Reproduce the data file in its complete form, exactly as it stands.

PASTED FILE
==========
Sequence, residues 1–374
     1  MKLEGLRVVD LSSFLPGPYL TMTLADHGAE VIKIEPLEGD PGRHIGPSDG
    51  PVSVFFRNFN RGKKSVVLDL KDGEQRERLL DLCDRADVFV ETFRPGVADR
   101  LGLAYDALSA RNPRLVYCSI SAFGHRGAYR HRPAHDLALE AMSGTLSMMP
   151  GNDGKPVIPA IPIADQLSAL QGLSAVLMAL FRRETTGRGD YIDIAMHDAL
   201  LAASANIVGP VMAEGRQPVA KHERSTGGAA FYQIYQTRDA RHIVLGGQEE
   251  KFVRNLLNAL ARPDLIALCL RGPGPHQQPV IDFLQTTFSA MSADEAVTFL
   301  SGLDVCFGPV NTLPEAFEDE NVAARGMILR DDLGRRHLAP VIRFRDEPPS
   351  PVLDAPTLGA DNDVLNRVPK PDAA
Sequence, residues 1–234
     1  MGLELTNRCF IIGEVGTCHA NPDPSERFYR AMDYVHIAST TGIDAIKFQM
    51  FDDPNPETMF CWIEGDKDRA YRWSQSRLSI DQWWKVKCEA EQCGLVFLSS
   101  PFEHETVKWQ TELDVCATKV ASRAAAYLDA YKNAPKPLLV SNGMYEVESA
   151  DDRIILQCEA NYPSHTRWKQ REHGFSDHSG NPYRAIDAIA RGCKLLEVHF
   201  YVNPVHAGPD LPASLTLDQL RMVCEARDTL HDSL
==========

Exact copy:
Sequence, residues 1–374
     1  MKLEGLRVVD LSSFLPGPYL TMTLADHGAE VIKIEPLEGD PGRHIGPSDG
    51  PVSVFFRNFN RGKKSVVLDL KDGEQRERLL DLCDRADVFV ETFRPGVADR
   101  LGLAYDALSA RNPRLVYCSI SAFGHRGAYR HRPAHDLALE AMSGTLSMMP
   151  GNDGKPVIPA IPIADQLSAL QGLSAVLMAL FRRETTGRGD YIDIAMHDAL
   201  LAASANIVGP VMAEGRQPVA KHERSTGGAA FYQIYQTRDA RHIVLGGQEE
   251  KFVRNLLNAL ARPDLIALCL RGPGPHQQPV IDFLQTTFSA MSADEAVTFL
   301  SGLDVCFGPV NTLPEAFEDE NVAARGMILR DDLGRRHLAP VIRFRDEPPS
   351  PVLDAPTLGA DNDVLNRVPK PDAA
Sequence, residues 1–234
     1  MGLELTNRCF IIGEVGTCHA NPDPSERFYR AMDYVHIAST TGIDAIKFQM
    51  FDDPNPETMF CWIEGDKDRA YRWSQSRLSI DQWWKVKCEA EQCGLVFLSS
   101  PFEHETVKWQ TELDVCATKV ASRAAAYLDA YKNAPKPLLV SNGMYEVESA
   151  DDRIILQCEA NYPSHTRWKQ REHGFSDHSG NPYRAIDAIA RGCKLLEVHF
   201  YVNPVHAGPD LPASLTLDQL RMVCEARDTL HDSL